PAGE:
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LIFE IN SPAIN

The secrets of El Menú del Día: The surprising story behind Spain’s fixed-price lunch menu

Madrid resident Paul Burge discovers the story behind Spain's popular Menú del Día and asks - is it on its way out?

El menú del día is a culinary institution in Spain.
El menú del día is a culinary institution in Spain. Photo: Cpgxk/flickr

Wander up and down any street in Spain and you’re bound to see a blackboard propped up outside almost any restaurant announcing ‘Menú del Día‘.

A list of two courses with various dishes for each will have been hastily scribbled down by the chef that morning. And no menú would be complete without the final flourish of, ‘Pan, Bebida Postre o Cafe‘ (Bread, Drink and Dessert or Coffee) followed by an appetite-inducing and implausibly reasonable price.

There is a catch of course. El menú del día is only available from Monday to Friday and as the name suggests only at lunchtimes, normally 2 – 4pm. You’ll also have a fairly limited two or three options for each course. Hence the incredibly good value. I’ve eaten fixed-price menus in Spain for as little as €7. They can be as ‘expensive’ as €15 at more high-end establishments. But the average is around €12. 

So how did this fantastic value lunch menu come about and why is it so popular today? 


A  maincourse of swordfish and potato at Madrid’s El Maño restaurant. Photo: F Govan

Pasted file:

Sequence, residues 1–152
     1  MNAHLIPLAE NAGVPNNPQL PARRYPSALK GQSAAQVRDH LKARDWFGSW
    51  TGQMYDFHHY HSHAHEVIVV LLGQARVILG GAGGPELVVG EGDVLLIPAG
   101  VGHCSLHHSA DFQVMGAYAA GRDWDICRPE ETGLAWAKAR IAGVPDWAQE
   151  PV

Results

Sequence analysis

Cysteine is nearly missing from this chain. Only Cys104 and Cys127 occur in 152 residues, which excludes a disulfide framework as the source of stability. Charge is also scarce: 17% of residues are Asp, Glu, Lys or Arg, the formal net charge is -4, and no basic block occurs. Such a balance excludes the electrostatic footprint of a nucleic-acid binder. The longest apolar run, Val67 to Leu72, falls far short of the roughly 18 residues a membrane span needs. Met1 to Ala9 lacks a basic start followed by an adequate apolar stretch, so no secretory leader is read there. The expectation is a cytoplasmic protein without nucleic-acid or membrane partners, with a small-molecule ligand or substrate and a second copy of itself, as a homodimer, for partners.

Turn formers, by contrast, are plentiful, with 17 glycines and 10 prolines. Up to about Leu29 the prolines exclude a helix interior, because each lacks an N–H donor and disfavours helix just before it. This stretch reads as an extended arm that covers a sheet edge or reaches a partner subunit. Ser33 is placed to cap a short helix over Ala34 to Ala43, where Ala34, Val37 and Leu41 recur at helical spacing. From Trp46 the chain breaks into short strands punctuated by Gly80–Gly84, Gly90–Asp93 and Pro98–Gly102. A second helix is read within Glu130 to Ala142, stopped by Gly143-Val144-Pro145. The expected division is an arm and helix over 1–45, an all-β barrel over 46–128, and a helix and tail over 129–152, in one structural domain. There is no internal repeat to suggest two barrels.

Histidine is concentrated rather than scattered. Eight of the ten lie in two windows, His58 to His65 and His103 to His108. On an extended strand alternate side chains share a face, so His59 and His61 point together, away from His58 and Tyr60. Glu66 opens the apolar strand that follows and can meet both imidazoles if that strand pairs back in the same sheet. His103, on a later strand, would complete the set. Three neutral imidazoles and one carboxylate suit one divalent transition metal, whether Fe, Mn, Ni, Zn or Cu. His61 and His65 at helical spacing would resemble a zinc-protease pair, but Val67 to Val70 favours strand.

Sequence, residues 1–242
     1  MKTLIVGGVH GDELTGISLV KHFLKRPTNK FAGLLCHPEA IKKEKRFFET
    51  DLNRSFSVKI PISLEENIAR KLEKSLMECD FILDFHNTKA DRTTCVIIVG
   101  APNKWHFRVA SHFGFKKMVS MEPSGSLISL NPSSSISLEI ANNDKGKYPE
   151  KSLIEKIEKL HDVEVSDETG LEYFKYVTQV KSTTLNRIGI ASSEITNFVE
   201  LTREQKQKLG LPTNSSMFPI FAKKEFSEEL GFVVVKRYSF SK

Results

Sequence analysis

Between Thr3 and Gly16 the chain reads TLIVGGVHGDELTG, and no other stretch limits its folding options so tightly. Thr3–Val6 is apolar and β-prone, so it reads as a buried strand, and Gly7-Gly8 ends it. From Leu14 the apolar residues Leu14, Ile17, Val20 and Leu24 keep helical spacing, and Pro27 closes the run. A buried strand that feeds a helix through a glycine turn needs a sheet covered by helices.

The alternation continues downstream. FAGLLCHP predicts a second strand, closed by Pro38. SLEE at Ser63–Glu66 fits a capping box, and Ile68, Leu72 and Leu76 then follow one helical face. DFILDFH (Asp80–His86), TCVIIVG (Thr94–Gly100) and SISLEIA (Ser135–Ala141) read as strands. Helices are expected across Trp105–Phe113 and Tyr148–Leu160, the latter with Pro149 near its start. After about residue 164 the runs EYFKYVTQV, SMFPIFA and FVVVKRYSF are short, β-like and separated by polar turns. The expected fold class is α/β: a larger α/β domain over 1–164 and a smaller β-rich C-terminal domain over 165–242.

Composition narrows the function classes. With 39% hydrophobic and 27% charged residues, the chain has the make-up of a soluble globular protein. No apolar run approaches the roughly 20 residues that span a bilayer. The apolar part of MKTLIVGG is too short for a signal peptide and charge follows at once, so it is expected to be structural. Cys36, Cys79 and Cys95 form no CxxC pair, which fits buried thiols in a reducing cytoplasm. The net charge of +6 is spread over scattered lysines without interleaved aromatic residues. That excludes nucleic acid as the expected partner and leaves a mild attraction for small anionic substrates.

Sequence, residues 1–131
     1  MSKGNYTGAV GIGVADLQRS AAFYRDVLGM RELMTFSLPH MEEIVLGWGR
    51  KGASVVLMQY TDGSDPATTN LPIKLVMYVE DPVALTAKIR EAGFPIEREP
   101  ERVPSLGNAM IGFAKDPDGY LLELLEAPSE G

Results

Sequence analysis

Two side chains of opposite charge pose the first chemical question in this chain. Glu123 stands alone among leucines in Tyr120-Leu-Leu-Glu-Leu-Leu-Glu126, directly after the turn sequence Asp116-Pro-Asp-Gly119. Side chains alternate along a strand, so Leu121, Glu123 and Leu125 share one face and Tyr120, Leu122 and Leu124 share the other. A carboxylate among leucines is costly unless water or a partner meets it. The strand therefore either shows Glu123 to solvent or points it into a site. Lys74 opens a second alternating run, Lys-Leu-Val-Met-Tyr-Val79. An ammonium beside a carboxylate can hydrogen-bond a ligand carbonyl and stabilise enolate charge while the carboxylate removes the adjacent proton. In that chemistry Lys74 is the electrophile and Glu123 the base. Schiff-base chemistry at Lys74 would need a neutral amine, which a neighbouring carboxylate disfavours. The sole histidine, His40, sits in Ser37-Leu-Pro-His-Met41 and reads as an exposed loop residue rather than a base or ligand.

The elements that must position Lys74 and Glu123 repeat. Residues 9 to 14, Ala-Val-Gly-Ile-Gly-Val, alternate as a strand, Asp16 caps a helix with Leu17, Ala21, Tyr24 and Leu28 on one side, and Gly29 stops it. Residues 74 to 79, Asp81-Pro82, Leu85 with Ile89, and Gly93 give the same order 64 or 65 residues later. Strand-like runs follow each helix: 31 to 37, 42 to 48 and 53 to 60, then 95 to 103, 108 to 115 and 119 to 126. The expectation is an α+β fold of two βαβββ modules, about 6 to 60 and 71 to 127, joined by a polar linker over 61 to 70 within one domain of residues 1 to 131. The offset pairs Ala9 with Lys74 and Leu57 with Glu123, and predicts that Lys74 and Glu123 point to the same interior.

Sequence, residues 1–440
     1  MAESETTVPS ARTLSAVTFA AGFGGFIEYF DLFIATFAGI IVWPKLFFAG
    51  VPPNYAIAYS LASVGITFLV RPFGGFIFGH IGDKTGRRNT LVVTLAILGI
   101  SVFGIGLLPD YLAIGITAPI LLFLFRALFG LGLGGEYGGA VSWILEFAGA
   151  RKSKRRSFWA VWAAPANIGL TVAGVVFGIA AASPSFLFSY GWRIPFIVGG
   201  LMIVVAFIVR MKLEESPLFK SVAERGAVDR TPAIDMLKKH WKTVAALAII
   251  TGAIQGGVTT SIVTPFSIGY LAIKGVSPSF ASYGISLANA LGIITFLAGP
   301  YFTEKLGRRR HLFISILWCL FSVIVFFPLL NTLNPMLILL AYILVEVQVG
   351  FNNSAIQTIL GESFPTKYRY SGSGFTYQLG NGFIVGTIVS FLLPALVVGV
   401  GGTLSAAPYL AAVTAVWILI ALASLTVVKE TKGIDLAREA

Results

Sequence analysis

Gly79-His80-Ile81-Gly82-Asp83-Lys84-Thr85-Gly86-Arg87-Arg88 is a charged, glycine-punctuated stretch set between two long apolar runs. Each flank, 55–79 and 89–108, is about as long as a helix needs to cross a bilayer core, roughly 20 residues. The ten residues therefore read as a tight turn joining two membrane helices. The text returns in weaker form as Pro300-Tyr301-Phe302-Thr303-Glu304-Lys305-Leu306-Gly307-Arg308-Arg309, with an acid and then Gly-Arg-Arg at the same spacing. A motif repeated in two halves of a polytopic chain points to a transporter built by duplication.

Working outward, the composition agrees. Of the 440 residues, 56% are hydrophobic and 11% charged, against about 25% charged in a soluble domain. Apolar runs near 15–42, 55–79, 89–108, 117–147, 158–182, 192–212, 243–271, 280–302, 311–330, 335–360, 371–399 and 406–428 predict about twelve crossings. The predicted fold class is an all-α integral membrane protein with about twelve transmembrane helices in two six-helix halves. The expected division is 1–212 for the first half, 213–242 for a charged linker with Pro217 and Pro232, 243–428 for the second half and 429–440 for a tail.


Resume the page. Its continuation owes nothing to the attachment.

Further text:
By the late 1950s Franco realised just how much Spain had to gain economically from tourism. The ‘Spain is different’ marketing campaign of the late 1950s saw an enormous boom in tourism from 2.9 million visitors in 1959 to 11.1 million visitors in 1965.

General Franco’s Minister of Information and Tourism, Manuel Fraga subsequently decided to introduce legislation to implement a standardised format for a fixed-price menu to make sure all visitors could enjoy Spanish cuisine.

Originally it was called El Menú Túristico and was aimed specifically at tourists. El Menú Túristico was made law in Spain on March 17th, 1965 and an official state bulletin from the 29th March 1965 described in excruciating detail what was to be provided by all restaurant owners.

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Accompanying legislation also laid down the law regarding the management of cafeterias, university and factory canteens, as well as restaurant and café cars on trains.

It was inevitable then that the economical fixed-price menú became incredibly popular with Spaniards, and soon spread right across the country. By the early to mid 1970s el menú túristico had become el menú del día and was available in every single town and city in Spain, as it is today.

Yes, el menú del día is a culinary institution in Spain – culinary may sound a little pretentious, as el menú is anything but. Think basic and hearty.

So what’s the format? 


A typical menú del día of starter, main course, dessert, bread and a drink. Photo: F Govan

The menu includes three courses; ‘primer plato’, ‘segundo plato’ and ‘postre’. First and second courses plus dessert. You’ll also be brought an often generous basket of bread.

So what can you expect to eat?  For the first course you’ll be given between two to four dishes from which to choose, usually based on vegetables, eggs or pulses.